In the past century, we have had satisfying experiments with public healthcare. Smallpox was a dreaded condition in my childhood. I remember the dreadful scene in our neighbourhood when Kunchukutty Amma was brought back home from her workplace one accursed evening. She ambled along the narrow path between thorny fences, a swollen figure helped up by two men, somewhat of daredevils who had little regard for their safety. They had to keep vigil for two days till her delirious end, casting an ominous pall of terror in the village. When the awaited death came, they were appropriately inebriated, rolling the body in a mat and disposing it off in an unmarked grave on the other side of the hill. There were gory stories galore of half dead people buried alive. Soon smallpox was eradicated.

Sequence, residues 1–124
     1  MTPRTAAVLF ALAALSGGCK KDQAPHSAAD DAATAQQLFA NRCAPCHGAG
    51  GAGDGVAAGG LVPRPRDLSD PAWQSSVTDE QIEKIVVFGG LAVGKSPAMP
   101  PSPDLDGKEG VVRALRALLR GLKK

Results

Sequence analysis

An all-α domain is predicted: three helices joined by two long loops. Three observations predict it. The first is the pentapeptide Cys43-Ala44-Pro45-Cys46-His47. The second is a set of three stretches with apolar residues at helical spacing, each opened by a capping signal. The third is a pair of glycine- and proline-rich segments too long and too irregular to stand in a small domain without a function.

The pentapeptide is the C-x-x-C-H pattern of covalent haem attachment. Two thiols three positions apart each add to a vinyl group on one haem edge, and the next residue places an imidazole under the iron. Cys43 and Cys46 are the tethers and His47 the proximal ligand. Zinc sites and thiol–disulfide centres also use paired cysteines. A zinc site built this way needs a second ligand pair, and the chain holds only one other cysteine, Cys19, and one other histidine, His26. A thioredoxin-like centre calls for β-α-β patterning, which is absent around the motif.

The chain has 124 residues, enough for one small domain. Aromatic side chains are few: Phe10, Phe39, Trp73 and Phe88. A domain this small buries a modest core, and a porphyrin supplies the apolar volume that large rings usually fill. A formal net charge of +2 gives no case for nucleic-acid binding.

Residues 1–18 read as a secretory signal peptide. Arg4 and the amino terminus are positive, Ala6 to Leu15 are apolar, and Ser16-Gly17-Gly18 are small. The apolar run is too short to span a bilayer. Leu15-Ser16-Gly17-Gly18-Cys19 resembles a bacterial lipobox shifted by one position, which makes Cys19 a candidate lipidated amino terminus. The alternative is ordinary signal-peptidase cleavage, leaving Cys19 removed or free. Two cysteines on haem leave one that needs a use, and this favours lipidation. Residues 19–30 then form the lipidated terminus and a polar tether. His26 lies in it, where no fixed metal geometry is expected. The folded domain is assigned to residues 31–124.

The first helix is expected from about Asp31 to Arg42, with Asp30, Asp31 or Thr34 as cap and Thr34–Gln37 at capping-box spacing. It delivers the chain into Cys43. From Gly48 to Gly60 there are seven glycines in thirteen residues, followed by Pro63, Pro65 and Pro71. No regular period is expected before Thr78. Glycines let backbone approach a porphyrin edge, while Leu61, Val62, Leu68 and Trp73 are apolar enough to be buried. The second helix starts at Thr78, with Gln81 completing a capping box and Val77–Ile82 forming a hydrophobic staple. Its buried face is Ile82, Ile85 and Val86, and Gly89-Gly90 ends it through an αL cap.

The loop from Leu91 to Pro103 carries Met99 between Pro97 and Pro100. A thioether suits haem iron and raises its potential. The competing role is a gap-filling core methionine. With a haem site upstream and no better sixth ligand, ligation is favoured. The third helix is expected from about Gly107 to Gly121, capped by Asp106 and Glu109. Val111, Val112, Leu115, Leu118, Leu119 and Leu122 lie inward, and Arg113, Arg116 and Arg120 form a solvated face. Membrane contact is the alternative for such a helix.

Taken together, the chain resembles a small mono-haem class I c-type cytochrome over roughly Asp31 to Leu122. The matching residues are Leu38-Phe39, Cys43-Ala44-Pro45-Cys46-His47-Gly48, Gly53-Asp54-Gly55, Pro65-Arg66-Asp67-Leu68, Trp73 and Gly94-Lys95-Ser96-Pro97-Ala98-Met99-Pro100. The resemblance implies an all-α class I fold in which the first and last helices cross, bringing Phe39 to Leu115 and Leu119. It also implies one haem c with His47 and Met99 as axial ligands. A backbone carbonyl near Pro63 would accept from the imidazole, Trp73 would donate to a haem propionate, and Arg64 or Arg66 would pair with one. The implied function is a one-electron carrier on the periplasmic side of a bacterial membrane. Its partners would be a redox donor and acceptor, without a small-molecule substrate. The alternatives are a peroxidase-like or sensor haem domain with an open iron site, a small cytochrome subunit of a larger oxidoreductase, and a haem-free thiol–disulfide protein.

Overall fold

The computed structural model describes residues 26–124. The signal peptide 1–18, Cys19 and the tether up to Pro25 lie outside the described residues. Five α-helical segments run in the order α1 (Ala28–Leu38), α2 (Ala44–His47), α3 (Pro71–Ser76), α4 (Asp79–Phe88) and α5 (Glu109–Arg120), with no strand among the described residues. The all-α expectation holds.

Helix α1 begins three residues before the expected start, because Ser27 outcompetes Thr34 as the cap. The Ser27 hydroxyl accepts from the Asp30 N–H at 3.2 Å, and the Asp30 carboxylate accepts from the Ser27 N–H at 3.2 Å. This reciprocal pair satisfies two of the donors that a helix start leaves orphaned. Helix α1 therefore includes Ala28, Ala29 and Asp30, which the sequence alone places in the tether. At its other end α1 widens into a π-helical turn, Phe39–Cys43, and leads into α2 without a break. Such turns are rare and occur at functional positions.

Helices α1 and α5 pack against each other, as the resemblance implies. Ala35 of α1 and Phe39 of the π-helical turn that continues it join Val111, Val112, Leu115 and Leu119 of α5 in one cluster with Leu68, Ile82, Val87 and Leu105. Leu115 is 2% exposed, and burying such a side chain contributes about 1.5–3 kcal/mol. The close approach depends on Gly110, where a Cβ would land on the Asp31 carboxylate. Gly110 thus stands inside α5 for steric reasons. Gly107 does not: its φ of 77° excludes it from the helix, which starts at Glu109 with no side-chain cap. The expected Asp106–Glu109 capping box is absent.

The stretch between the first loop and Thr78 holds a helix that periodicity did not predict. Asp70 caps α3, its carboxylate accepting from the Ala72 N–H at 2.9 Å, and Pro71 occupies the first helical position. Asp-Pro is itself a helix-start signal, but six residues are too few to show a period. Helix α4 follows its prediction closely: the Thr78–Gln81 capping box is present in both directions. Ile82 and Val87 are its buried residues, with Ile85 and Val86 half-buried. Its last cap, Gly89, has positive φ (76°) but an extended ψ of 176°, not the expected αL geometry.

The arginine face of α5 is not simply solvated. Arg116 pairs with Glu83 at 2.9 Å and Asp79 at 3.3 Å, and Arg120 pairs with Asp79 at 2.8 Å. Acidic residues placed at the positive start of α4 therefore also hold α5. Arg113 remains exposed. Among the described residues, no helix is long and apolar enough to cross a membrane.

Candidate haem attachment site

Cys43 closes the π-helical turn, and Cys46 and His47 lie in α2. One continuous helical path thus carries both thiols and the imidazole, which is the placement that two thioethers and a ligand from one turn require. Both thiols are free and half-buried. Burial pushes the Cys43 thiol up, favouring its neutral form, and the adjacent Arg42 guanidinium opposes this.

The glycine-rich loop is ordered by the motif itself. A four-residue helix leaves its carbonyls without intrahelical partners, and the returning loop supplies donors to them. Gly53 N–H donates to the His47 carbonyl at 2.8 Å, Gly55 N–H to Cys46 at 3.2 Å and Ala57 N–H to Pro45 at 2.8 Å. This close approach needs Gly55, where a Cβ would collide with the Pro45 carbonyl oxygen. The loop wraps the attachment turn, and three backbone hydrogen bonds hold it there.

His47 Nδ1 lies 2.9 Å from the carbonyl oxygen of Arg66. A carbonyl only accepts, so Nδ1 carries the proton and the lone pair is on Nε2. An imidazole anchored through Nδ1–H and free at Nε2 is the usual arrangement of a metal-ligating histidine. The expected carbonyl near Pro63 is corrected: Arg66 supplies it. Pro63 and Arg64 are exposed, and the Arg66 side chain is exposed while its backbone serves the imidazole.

Not equally dreaded were other maladies, though pretty painful. Scabies, whooping cough, diarrhea, fever--they were all dealt with using home medicines or no medicines. Nine out of ten kids had protracted spells of scabies, which required unkind scrubbing and washing in late afternoons. Local physicians prescribed an assortment of oils and potions which had what effect no one knew. With potable water being increasingly available, and toilets dug up with government help across the country, disease control became easy.

Our village doctors were Kochukuttan, Balan and Varunni, the last being a Christian vaidya. For some reason, I could not conjure up the vision of a vaidya as a Christian. It took a long while to come to terms with the sociology of medicine. Gangadharan was our resident homoeo expert, who had his education by post from some Kolkata racket. He had built an exclusive clinic with his name and qualification duly inscribed. Whenever in doubt, which was not unoften, he would consult a text that was hard for him to read. Those were the days when influenza, which became later a less intimidating flu, spread across the subcontinent.